Patrick Teale

Here's a list of the top 20 prospects from the DSL Yankees and International free agent signings.

Here's a list of the top 20 prospects from the Yankees' Dominican Summer League and 2015 International free agent signings. Find out who should bust into the Top 50 in 2015 in a big way and find out who has a chance to become decent prospects down the road.

1. OF, Estevan Florial - One thing not up for debate in these rankings is who ranks first.  The player formally known as Haniel d'Oleo when he was tearing through the amateur Dominican circuit to become one of the most desired International free agents in the 2014 class faced identity issues that caused him to sign for significantly less than the $2-3 million he could have received that year.  Now Estevan Florial and a year old than originally thought, he signed for a reported $200,000 in January of 2015 and the discounted rate was more about potential visa issues that could have come up as a result of the incorrect documentation [not his baseball abilities].  Cleared to play, he tore through the Dominican Summer League in his debut season last year to the tune of a .313 average, 26 extra-base hits in 57 games, 15 stolen bases, and a .921 OPS.  Forget the numbers though, it's the present five-tool package and high level of intelligence [he speaks three languages already] that really stand out.  Plus power, plus arm strength, above average speed, and a feel for hitting are just a few of his top-shelf traits.  With visa in hand now and hardly a 'sleeper', he's set to become one of the top overall prospects in the Yankee farm system now and for the foreseeable future.

2. 3B, Nelson Gomez - After Florial, at least internally in the Yankee organization, there's little debate as to whom is next either.  Despite some reasonable concerns about a less than perfect body, a resulting subsequent lack of mobility, and some legitimate long-term questions about his eventual defensive position, Gomez, who signed in July of 2014 for a reported $2.25 million out of the Dominican Republic, has plus power to all fields and it's not projectable power -- it's now power!  He hit a Dominican Summer League-leading 11 home runs last year [not including the playoffs] and there is no question about his long-term potential to hit in the heart of a big league lineup someday.  He still has some rough edges to smooth out, however, including becoming a bit more consistent at the plate [he hit just .243], chiseling his conservatively listed 6-foot-2, 220 pound frame, and ironing out his defensive game at third base.  He may eventually wind up at first base down the road if he's not careful with his conditioning but he certainly has the special power that can fit in anywhere.

3. SS, Diego Castillo - Had it not been for Florial's outstanding success perhaps a little bit more light would have been shed on this Venezuelan native's incredible debut season last year.  Inked to a reported $750,000 in July of 2014, Castillo debuted in the Dominican Summer League to the tune of a .331 batting average with 19 extra-base hits last year and long-term could have the look of a real bargain.  His pitch recognition, plate discipline, and feel for hitting are extremely advanced, as is his propensity for using the whole field.  In fact, it's his ability to consistently go to the opposite field with a simple swing path that have conjured up some Derek Jeter-like hitting images.  Like Jeter there probably isn't a whole lot of long-term home run power potential but there could be a lot of extra-base hits in his future as well as some consistent batting averages along the way.  He's not all that speedy, swiping just five bases a year ago, and it has raised some mild concerns that his range at shortstop might not play to the level as some of the elite defenders.  But with tremendous makeup and internal game clock he certainly could find a permanent home at either middle infield position when it's all said and done.  He's a gamer, pure and simple.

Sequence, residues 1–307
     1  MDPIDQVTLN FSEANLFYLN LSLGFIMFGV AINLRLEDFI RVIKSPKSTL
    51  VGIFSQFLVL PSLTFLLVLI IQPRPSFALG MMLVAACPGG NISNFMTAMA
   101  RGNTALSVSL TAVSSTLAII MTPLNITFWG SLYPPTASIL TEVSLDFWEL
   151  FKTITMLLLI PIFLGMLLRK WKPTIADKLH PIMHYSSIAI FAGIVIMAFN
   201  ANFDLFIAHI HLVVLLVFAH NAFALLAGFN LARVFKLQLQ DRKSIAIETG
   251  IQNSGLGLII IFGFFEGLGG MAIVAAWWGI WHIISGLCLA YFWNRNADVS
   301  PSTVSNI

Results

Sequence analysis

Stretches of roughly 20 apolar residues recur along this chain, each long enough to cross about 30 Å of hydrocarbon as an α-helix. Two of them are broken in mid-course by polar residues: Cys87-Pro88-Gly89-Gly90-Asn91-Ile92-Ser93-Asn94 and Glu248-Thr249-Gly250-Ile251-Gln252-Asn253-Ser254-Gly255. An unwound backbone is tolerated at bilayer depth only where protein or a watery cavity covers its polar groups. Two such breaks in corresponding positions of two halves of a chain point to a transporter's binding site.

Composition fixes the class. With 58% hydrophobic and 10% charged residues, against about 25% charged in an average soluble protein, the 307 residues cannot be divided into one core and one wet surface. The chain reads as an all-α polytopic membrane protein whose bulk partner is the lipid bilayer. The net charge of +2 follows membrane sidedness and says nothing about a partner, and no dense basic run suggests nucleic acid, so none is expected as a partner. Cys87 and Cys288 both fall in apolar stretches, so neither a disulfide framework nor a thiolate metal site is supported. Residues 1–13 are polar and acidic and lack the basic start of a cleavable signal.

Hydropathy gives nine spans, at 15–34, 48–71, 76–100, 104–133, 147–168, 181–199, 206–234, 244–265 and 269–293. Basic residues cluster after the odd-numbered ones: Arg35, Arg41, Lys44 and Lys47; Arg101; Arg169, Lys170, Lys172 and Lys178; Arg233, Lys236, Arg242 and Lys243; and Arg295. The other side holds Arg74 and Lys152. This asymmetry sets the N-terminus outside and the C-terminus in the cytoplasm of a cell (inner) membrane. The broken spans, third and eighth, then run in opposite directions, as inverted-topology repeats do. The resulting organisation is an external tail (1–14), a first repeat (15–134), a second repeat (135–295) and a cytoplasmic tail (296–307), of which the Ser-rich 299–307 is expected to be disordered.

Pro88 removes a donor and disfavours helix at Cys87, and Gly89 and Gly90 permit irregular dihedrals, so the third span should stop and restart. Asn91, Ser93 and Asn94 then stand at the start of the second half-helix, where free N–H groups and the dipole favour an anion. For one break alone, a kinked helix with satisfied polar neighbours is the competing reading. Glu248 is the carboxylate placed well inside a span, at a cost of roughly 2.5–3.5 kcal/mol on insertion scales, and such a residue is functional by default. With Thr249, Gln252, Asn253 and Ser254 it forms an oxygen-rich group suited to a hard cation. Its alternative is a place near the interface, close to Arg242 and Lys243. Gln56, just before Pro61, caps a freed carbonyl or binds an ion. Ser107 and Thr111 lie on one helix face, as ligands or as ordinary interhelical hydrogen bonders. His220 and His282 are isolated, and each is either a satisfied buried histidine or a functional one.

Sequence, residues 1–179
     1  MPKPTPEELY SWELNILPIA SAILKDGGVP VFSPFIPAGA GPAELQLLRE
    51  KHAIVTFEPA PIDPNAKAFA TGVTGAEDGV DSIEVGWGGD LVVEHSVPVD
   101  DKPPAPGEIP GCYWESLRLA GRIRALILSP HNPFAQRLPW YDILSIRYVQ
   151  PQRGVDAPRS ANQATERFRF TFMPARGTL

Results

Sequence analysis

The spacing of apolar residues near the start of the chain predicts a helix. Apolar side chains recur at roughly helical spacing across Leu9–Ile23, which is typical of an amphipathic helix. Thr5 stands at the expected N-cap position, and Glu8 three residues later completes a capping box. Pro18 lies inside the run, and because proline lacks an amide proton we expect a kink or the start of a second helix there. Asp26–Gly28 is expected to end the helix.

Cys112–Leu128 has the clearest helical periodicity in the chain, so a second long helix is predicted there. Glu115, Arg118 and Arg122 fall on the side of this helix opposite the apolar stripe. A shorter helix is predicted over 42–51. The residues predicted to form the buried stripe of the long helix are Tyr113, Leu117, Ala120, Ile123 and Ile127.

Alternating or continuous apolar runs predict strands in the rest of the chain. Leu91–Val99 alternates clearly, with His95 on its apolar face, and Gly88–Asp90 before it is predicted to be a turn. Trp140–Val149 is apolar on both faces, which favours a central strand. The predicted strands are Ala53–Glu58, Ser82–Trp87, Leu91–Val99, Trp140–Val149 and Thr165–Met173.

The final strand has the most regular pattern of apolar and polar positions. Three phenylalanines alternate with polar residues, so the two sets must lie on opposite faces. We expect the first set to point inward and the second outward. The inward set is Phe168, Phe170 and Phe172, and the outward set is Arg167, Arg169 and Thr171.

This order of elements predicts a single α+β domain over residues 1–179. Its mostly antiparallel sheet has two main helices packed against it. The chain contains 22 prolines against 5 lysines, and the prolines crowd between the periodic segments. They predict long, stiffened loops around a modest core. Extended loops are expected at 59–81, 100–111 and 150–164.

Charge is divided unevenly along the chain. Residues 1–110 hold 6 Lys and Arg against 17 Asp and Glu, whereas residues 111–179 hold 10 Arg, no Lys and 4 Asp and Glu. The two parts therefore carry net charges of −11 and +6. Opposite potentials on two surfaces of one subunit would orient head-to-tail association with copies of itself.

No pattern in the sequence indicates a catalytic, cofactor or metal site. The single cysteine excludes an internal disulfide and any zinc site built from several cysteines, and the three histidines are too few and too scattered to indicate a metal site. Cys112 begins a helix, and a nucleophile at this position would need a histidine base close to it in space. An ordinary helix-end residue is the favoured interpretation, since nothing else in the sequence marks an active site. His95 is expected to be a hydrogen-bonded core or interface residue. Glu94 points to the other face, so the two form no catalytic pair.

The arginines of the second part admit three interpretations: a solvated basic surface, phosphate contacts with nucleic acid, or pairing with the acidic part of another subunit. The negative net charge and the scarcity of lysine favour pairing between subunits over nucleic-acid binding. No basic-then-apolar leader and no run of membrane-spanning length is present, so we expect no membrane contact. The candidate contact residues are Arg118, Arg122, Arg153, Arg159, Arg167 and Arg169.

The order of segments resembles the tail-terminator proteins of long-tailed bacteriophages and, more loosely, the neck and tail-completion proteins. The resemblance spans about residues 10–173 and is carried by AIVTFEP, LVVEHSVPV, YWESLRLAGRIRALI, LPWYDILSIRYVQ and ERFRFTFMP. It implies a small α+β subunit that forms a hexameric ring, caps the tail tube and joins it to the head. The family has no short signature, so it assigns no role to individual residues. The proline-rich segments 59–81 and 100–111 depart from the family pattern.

4. OF, Juan De Leon - One of the more disappointing debut seasons was turned in from this Dominican native last year, at least statistically.  He hit just .226, struck out a bit too much [66 times in 53 games], and he stole just one base.  Those are hardly representative numbers after signing for a reported $2 million in July of 2014 and they're certainly not indicative of the supposed polished bat and above average speed he was billed to have either.  Still, it's important to keep in mind that he played last year as a 17-year old [the equivalent of a high school junior by most standards].  He still has outstanding bat speed, a patient approach at the plate, and some significant power potential packed into his 6-foot-2, 185-pound, still very projectable frame.  A very confident player, perhaps the slice of humble pie he received last year will get him a bit more motivated to turn things around and it could start by not constantly changing things around, trusting the development system more, and worrying less about the results.  There is still a considerable ceiling here and the natural talent to become one of the better overall prospects in the coming years.  He deserves a mulligan for last season if for no other reason than his extreme youth.